Offline DaddyCool

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Re: Selecting parts for a new rear wheel
« Reply #4 on: August 17, 2020, 11:26:35 PM »
Thank you! I think we have a similar understanding of many things, that is why we have a good basis for discussions. I always enjoy your posts because you have clear thoughts and precise questions/remarks.
I would not say that 80 g do not play a role, but one should not forget here that the steel version is also very light and your whole backwheel will be much lighter anyway! So I would start with the steel version. You can also save weight with pegs, tires, tubes for example and this is much cheaper.

Offline Mambocowboy

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Re: Selecting parts for a new rear wheel
« Reply #5 on: August 18, 2020, 01:38:32 AM »
Thank you! I think we have a similar understanding of many things, that is why we have a good basis for discussions. I always enjoy your posts because you have clear thoughts and precise questions/remarks.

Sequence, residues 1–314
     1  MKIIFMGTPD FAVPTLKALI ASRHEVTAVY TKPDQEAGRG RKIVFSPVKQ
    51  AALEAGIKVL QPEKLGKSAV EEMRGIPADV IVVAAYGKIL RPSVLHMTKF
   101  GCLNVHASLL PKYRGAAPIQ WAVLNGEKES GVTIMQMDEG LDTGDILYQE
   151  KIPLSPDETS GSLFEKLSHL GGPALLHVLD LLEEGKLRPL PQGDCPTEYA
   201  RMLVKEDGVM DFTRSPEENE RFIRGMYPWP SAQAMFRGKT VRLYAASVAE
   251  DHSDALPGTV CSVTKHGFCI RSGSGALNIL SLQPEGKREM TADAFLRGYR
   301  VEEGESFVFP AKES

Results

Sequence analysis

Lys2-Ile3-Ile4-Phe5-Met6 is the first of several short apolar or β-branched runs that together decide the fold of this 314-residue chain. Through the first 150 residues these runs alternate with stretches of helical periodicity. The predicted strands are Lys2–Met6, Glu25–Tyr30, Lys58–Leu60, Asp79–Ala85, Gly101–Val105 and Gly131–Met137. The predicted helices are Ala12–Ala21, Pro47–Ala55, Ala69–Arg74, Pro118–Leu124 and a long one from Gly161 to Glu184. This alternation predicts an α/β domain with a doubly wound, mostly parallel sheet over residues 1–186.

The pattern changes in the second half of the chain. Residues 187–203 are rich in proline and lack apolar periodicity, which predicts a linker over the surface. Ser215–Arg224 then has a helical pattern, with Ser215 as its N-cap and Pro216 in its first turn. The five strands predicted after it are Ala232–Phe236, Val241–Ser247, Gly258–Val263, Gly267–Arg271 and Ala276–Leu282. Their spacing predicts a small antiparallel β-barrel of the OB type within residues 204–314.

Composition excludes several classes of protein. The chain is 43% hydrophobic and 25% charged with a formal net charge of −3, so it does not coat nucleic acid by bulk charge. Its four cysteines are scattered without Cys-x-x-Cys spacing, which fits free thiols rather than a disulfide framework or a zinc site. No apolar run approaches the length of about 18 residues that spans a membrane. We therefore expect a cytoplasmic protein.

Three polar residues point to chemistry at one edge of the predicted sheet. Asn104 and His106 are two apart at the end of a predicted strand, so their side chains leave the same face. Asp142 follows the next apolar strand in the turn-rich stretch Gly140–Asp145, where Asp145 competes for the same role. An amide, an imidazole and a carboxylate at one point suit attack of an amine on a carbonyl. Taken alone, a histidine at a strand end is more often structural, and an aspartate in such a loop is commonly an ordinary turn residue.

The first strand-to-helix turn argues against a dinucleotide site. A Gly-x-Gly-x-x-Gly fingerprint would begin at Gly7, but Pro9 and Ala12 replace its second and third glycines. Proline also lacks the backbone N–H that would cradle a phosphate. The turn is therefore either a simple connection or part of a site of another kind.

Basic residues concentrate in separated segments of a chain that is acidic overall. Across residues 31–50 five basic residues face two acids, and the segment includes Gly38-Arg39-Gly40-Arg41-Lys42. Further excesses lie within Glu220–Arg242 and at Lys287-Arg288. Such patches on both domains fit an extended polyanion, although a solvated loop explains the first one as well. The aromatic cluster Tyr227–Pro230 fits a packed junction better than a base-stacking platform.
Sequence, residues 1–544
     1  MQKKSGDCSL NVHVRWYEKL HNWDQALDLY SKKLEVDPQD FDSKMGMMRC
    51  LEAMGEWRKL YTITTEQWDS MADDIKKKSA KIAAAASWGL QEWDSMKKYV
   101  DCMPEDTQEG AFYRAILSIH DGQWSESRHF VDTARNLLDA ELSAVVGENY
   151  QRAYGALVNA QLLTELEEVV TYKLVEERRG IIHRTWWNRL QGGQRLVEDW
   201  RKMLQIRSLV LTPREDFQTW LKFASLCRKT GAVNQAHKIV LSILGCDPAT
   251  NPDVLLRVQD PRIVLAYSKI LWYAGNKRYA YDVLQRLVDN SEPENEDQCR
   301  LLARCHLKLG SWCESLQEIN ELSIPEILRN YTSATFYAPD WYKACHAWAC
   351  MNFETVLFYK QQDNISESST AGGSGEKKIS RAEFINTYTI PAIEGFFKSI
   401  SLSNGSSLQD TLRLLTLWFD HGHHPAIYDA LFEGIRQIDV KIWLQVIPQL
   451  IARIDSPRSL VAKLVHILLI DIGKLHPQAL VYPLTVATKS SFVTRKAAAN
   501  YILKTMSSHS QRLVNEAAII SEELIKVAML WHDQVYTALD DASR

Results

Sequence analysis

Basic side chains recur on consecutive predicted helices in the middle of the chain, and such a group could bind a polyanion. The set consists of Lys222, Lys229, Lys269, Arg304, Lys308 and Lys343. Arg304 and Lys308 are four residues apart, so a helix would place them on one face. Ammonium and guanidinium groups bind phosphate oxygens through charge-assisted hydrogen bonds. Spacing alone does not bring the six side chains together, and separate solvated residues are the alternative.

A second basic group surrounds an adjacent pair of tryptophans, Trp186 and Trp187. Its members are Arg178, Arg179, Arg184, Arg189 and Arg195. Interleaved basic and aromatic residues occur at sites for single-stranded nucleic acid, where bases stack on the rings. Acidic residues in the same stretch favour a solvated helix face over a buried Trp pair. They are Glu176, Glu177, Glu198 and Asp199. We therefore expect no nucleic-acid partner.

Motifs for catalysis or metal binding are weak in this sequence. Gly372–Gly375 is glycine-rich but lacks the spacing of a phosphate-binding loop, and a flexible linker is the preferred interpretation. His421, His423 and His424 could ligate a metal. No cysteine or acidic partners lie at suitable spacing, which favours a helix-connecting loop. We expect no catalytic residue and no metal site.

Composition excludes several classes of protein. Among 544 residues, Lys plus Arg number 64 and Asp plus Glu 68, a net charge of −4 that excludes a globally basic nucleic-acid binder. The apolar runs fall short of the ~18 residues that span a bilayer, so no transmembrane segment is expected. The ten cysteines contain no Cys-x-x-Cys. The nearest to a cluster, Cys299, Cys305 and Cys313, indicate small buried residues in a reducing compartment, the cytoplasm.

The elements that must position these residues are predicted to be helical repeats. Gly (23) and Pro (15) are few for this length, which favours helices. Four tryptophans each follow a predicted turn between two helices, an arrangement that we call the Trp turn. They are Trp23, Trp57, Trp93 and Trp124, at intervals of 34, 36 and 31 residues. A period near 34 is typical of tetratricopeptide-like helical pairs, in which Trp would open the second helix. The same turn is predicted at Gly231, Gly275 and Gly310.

I would not say that 80 g do not play a role, but one should not forget here that the steel version is also very light and your whole backwheel will be much lighter anyway! So I would start with the steel version. You can also save weight with pegs, tires, tubes for example and this is much cheaper.
Tires, tubes, and rims indeed.  Realized the Fuego 2.3 tires on my flybikes street complete weigh 29.9 ounces each! Am replacing them with 1.95 primo e comets which weigh 13 ounces each...

Offline aliasdck

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Re: Selecting parts for a new rear wheel
« Reply #6 on: August 19, 2020, 04:38:22 AM »
Yes I bought new lighter pegs, tires and tubes a few weeks ago but didn't get around to installing them until just a few minutes ago. My bike lost decent amount of weight with this upgrade, but a big part of that is going from frequency G tires to bob hex tires which are very light, but I'm not sure how I will like them yet. Tomorrow morning I give them a test ride, so I might go back to the frequency G if I don't like them.

According to my scale bike now weighs about 24.6 lbs (11.2 kg). Not super  light but much better then when I first got back into riding over a year and a half ago, back then it was closer to 29 lbs (13.2 kg) if memory serves me right.

Offline Mambocowboy

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Re: Selecting parts for a new rear wheel
« Reply #7 on: August 19, 2020, 08:19:00 AM »